Critiques are your friend. They’re a valuable tool and if you fully appreciate critiques, they’ll push you to exhaust all options for a design. If you are not open to addressing critiques you limit yourself to just your opinion. No one cares about your opinion. There are so many other designers out there competing for the same jobs as you, it is important your designs translate the same way for everyone that sees them. After choosing a logo to run with, I started to collect my criticisms. One critique that I kept hearing was that a wooden logo may look like I’m a wood craftsman more than a designer. Some suggestions were to make it a flat vector logo, however than I lose my unique hands-on approach I was going for. I’d like to keep my logo as is but I need to explore other options to prove to myself that it is the best version it can be.
I found a great article about graphic design trends in 2016, I believe it is important to know trends so that you can either avoid them if they have become tired/cliché or try using them to your advantage since they are proven to be visually appealing. The article, The 5 Graphic Design Trends You Need To Be Aware Of In 2016, by Janie Kliever explores the current top trends, which helped me get started on exploring different ways of executing my logo.
“Modern” Retro Style
This is different than vintage design of the 1900-1960s, “modern” retro takes a modern approach to retro design taking inspiration from earlier centuries like the 1970-1990s. I attempted this style in a comp of my logo because I felt this style was a good representation of my “fun” design style.
This trend comes from our good friend Google. To create a bold, graphic-look google created material design guidelines, which is a visual language characterized by “deliberate color choices, edge-to-edge imagery, large-scale typography, and intentional white space” according to google. Kliever suggests these guidelines are an update to the beloved flat design trend by just adding subtle effects for additional depth. I have always been a fan of flat logos so I definitely wanted to explore this trend with my personal identity. I believe this could be incorporated nicely on a matted material when printed.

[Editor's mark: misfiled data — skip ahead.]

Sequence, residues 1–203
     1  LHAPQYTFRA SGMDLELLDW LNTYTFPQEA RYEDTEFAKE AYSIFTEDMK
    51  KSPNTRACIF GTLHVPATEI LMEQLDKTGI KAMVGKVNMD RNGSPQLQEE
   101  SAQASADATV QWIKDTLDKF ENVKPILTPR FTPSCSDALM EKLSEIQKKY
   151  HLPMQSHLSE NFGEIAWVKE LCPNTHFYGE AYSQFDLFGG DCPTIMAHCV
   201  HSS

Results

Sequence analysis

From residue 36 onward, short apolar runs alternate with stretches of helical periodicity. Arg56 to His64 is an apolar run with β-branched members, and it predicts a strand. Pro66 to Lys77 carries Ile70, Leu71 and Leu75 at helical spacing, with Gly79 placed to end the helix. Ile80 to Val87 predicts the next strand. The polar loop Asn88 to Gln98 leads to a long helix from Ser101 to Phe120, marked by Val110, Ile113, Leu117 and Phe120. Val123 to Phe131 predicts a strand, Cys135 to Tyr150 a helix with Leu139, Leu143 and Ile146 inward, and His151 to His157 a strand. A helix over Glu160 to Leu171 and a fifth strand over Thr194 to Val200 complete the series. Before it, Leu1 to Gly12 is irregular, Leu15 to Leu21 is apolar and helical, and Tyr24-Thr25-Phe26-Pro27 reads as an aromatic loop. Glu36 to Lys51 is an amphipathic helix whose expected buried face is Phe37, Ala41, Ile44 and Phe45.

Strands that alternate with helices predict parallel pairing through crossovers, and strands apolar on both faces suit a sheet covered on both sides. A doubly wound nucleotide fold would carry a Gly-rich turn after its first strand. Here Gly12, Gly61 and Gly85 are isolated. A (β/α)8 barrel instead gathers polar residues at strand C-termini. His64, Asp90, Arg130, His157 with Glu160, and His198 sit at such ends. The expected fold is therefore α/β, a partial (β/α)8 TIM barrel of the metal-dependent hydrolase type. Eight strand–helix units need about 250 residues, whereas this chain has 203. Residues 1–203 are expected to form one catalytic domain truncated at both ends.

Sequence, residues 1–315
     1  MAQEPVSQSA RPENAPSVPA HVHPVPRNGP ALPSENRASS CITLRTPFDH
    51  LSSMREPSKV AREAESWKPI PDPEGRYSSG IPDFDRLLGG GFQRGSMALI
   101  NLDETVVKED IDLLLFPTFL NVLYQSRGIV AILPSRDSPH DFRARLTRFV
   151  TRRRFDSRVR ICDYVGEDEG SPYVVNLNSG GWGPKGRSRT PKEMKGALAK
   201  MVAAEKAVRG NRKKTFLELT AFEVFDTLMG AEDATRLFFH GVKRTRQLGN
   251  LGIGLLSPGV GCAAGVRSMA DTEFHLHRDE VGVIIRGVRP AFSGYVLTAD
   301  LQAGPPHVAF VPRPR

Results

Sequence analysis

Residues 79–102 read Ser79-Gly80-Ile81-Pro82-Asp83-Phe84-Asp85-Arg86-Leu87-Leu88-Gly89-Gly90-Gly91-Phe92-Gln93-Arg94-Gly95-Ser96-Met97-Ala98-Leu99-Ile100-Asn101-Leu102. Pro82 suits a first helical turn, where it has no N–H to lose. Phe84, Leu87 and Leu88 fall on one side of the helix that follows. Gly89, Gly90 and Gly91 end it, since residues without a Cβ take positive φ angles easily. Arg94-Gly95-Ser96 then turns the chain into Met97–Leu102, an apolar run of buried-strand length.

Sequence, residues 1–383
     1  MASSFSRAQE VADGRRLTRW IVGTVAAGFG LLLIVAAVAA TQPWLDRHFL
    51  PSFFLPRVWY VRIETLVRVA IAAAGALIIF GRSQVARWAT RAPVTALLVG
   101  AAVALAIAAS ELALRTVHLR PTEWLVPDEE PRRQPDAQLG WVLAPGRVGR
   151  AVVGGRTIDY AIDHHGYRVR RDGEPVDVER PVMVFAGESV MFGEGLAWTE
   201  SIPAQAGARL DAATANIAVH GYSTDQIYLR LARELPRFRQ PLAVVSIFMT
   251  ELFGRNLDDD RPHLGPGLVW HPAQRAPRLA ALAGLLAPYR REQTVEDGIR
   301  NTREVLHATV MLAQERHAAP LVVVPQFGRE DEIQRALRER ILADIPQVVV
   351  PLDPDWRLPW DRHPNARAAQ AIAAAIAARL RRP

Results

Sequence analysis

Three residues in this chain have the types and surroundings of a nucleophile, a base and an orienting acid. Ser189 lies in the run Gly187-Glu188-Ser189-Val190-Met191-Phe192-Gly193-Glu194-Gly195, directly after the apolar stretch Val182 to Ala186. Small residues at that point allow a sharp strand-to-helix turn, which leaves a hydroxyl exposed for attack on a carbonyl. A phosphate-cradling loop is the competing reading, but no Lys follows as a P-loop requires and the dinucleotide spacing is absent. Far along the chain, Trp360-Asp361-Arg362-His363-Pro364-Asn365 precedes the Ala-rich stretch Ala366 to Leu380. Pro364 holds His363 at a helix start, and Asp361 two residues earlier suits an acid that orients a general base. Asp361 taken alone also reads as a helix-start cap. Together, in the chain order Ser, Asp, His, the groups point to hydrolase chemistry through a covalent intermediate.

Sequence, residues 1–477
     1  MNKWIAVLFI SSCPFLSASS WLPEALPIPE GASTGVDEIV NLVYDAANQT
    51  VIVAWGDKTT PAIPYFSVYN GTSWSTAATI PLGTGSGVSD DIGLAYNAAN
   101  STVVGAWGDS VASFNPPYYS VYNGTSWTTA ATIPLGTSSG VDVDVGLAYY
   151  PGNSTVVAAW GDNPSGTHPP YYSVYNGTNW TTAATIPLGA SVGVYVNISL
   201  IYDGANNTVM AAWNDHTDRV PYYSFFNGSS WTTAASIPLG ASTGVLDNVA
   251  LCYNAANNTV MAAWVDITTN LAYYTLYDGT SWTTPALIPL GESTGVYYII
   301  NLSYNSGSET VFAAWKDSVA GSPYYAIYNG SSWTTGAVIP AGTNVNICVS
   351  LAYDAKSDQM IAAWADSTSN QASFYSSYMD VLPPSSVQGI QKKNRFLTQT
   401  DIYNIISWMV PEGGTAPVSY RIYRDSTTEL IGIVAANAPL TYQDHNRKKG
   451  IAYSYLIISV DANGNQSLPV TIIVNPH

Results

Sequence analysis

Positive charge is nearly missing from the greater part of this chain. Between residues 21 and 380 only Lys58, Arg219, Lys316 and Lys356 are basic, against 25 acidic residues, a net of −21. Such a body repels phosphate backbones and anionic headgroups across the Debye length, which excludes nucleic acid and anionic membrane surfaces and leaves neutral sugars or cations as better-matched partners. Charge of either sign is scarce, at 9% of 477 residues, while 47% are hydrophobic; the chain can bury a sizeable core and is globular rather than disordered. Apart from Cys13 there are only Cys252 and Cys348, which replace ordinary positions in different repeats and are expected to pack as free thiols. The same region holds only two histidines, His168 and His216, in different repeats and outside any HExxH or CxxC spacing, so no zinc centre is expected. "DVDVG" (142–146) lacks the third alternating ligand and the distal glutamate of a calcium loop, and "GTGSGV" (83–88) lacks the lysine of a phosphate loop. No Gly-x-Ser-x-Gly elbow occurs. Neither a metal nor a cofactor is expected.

Bright Bold Colors
Taking from the 80s and 90s, vibrant hues are back in 2016. This is obvious from Pantone’s Spring 2016 Color Report. Using neon colors with other bright colors and a strong black for contrast can help make your designs really pop. I tried using these bright colors to test different color palettes with my logo to make sure I wasn’t constricting myself too much with sticking to a black and white identity.
Geometric shapes will always be in trend, however a sweeping new trend we’ve been seeing in a lot of designs this year is called “low poly” which is making imagery with triangles. I choose not to attempt this approach because I enjoy the look of it but I worry it is already becoming a cliché through all my research.
This is probably my favorite trend in this article; Kliever explains the value of negative space for good design. If used correctly, it can be a clever way of creating a double meaning with your imagery. I created a logo using my negative space to create my initials, however I don’t believe it is strong enough to pursue me to steer away from my “swirl” logo.